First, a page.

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Pele Bauch's Monstrous Visitation
Pele Bauch and dancers crawl along the floor in "-ism." Photo by Steven Schreiber.
July 12-14, 2007
reviewed by Henry Baumgartner on July 14, 2007
The first two pieces on New York choreographer Pele Bauch's program at Joyce SoHo, though certainly individual enough, were hardly shocking.
"Pedestal," an elegant duet for Abby Man-Yee Chan and Christine Sandifer to a score by Alon Nechushtan, proceeds by slow movements that arrive at a pose, hold it momentarily, and then travel on to the next. Intriguing curly arm movements often devolve into sweeping curves. The dancers usually stay in contact but maintain a feeling of open space between them. The dancers also play with the shadows they cast on the Joyce SoHo's white walls. The result was very appealing. This piece, in fact, landed Bauch in the final round of the A.W.A.R.D. choreography competition.
"Crowd to One" is a short solo for Bauch herself, bathed in pale swimming-pool-colored light, to quiet piano music (score by Kevin Volans and Matteo Fargion). As often as not facing away from us, Bauch executes her unhurried, graceful, stretchy, curvy movements and gentle 360-degree turns.
These two pieces were, so to speak, of a piece, so the enigmatically titled "-ism," the third and final piece on the bill, came as a bit of a surprise. In a corner of the playing area, a huge rat's nest composed of what look like torn-up white garbage bags--actually wax paper--slowly begins to levitate. Beneath this is revealed a pile of dancers, their breathing unusually loud (though they are not, in fact, miked), illuminated only by a low sidelight. Nothing much happens for a time, except that we get to listen to the spooky moaning and hooting of Ingram Marshall's score. Slowly the dancers start to crawl and slither, mostly on their backs. Their movement looks like a distinctly nonhuman means of locomotion.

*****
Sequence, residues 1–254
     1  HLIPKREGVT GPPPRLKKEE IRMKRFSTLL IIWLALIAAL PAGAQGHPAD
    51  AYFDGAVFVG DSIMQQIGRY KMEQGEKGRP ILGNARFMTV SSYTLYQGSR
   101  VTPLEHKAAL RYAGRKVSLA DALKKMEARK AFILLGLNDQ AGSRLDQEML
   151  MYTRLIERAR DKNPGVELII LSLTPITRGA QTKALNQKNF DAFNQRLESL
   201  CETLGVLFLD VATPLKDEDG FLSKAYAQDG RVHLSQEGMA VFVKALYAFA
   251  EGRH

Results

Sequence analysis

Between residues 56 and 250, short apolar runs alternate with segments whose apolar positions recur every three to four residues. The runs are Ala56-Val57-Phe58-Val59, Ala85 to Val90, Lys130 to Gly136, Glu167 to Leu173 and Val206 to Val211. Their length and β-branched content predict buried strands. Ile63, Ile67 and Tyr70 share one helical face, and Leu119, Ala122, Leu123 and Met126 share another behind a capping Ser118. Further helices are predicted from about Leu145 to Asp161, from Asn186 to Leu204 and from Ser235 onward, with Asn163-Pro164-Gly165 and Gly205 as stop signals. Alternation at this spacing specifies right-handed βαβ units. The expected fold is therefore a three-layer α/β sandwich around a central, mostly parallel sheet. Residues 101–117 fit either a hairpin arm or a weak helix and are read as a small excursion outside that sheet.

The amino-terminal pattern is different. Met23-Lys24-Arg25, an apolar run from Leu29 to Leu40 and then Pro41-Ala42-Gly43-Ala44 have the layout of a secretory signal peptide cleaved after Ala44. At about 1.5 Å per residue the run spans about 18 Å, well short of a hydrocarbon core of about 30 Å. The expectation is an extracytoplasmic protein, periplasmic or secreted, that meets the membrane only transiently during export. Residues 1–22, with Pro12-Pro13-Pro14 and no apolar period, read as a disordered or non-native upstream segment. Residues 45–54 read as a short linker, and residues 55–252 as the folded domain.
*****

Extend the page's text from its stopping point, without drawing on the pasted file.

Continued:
It seems, in fact, like some horrible form of infestation. When the music dies down, we hear the sound--a rustling, clicking sound, as of some disagreeable form of insect life, and plenty of it, too. A million cockroaches, maybe. What actually prove to be causing this quiet but unsettling noise are wads of wax paper the dancers have stuck inside their costumes--simple, but effective. By this time several of them have inserted themselves among the first few rows of spectators, and these alien creatures now actually begin to abduct innocent members of the audience, using their feet to nudge the chairs slowly into the middle of the stage space.
I notice that, in enumerating this catalogue of horrors, I haven't mentioned that I loved the piece. Towards the end, the clicking and slithering gives way to something more graceful as the dancers, having pulled out some of the wax paper, stand up and execute a sort of spaced-out dance, somewhat reminiscent of the earlier dances on the program. While this more dancey bit at the very end is perhaps a shade anticlimactic, I won't complain. One of the drawbacks of having observed downtown dance for a long time is that, when you are in a certain weary mood, everything can come to look like something you saw a few decades ago. But not this time.
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